Fears of infection. Loneliness. Worries about physical health.
As the coronavirus spread across borders early in the pandemic, calls to global helplines showed a striking similarity in the toll on mental health — from Lebanon to China, Finland to Slovenia.
An analysis of 8 million calls to helplines in 19 countries, published in Nature, reveals a collective response to unprecedented, uncertain times.
Callers’ worries centered on fears of infection, loneliness and physical health. Calls about relationship issues, economic problems and suicide-related issues were generally less prevalent than before the pandemic.
The Swiss and German researchers looked at helplines in Lebanon, 14 European countries, the United States, China, Hong Kong and Israel.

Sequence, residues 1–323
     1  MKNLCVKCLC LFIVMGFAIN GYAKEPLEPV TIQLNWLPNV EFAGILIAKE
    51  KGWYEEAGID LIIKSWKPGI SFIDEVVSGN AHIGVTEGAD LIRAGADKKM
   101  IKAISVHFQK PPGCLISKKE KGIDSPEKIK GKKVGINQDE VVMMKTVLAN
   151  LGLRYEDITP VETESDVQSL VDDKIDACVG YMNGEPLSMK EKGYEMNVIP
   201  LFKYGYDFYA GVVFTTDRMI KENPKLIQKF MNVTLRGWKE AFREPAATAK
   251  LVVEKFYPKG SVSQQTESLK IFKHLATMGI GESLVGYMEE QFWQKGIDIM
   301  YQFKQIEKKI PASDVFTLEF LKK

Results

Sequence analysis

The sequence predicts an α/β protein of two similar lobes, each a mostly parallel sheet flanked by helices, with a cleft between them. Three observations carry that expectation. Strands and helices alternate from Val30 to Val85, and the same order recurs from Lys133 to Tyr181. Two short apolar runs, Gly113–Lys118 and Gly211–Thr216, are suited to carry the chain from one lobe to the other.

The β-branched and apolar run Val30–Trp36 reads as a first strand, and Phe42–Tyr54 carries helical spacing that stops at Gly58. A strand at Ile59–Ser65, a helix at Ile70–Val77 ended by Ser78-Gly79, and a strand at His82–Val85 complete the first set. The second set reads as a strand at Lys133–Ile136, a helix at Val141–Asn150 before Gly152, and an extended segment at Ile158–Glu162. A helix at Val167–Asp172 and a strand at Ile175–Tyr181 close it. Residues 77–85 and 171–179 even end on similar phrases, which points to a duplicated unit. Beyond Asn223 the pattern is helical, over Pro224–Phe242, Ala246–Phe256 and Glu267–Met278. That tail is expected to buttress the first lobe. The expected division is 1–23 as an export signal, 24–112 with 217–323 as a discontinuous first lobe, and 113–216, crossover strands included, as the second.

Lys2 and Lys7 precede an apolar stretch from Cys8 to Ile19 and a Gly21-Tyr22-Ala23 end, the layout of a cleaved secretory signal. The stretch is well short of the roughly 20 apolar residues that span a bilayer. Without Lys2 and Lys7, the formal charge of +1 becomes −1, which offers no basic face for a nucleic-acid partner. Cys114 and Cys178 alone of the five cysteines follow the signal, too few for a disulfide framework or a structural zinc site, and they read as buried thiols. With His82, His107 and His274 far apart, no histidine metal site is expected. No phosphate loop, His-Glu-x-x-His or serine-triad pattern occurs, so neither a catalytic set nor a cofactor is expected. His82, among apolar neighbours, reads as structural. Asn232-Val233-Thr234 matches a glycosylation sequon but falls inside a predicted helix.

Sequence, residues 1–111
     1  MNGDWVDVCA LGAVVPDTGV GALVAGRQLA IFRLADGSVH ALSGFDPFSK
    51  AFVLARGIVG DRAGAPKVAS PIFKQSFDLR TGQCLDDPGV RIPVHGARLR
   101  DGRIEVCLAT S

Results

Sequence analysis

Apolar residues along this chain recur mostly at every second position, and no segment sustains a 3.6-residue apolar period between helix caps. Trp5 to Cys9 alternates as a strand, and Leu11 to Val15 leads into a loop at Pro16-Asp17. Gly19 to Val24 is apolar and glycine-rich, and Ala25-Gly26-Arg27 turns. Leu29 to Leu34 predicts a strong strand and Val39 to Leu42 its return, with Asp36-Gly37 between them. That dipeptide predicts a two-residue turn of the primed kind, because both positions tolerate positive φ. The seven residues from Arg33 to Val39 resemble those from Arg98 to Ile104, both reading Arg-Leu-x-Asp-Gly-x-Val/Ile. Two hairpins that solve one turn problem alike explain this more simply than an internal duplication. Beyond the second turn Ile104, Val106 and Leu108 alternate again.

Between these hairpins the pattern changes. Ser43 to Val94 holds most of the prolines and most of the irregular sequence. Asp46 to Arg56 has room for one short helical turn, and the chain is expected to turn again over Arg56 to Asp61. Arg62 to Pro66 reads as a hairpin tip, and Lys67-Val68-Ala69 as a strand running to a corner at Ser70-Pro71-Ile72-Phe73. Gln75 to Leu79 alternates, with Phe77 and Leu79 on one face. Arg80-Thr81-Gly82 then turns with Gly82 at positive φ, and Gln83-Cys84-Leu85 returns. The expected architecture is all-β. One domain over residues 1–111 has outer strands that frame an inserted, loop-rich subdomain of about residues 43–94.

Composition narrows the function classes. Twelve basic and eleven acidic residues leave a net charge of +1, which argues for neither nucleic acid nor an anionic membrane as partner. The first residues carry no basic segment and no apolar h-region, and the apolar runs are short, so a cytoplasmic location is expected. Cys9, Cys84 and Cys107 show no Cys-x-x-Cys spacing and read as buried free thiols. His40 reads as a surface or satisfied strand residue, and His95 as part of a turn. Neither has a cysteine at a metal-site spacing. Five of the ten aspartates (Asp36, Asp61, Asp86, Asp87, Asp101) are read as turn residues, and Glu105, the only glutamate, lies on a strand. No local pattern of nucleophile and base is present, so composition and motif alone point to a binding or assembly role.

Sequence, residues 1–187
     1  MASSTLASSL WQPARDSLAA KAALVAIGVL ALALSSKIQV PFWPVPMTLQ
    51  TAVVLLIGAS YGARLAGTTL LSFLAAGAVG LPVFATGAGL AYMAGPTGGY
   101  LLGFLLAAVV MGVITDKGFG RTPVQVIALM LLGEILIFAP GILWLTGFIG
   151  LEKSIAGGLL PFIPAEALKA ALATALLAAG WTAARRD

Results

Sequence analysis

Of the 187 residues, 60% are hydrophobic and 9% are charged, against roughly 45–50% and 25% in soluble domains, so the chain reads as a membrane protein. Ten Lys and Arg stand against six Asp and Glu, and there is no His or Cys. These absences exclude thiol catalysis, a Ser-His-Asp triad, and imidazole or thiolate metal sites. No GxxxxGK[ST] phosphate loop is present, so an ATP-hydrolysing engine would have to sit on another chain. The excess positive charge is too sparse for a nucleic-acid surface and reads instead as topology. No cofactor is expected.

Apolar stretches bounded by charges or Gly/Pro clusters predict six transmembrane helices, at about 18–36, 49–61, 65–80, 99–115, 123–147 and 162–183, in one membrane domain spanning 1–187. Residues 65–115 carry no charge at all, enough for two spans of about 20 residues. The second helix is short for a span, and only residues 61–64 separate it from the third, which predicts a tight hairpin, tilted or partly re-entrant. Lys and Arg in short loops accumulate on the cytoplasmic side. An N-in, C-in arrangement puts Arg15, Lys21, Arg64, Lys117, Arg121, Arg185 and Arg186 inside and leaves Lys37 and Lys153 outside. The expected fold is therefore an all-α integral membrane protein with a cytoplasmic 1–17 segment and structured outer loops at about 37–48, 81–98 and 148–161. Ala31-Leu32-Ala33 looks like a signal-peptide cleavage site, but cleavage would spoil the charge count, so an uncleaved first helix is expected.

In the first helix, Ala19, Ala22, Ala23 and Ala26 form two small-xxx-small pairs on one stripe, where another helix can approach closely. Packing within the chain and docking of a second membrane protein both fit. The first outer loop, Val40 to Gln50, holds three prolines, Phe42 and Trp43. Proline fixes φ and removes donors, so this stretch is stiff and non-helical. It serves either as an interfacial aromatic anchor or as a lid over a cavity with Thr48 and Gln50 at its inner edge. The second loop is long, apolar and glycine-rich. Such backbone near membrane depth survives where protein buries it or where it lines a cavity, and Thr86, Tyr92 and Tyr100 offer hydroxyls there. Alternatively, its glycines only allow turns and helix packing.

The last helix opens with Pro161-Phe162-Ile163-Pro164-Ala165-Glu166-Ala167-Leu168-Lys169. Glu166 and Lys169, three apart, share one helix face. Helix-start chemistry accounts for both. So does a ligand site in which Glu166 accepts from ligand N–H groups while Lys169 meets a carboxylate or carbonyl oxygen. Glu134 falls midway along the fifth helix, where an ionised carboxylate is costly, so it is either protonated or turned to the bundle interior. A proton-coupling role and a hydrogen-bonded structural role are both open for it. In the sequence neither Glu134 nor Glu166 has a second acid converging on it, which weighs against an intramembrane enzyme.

They included suicide-prevention hot lines and ones providing crisis counseling.
“We were struck by how similar the broad evolution of helpline call patterns looked across nations,” said Marius Brulhart, a University of Lausanne economics professor and the study’s lead author.
Pooling country-specific data during the pandemic’s first 12 weeks in 2020, the researchers found that call volumes peaked at six weeks, rising 35% above calls during the same period in 2019.
Strict lockdown and social distancing measures were linked with more calls due to fear, loneliness and suicidal thinking or behavior.
Analyzing helpline data is “an incredibly creative way to assess mental health in the pandemic” in an array of countries, she said.
Concerns raised in the calls echo results from surveys showing the pandemic’s toll on mental health, said Judith Bass, of Johns Hopkins’ Bloomberg School of Public Health.
“The idea that fear was part of the early manifestations both makes research sense but also logical sense,” Bass said. The virus “was an unknown that nobody had experienced before.”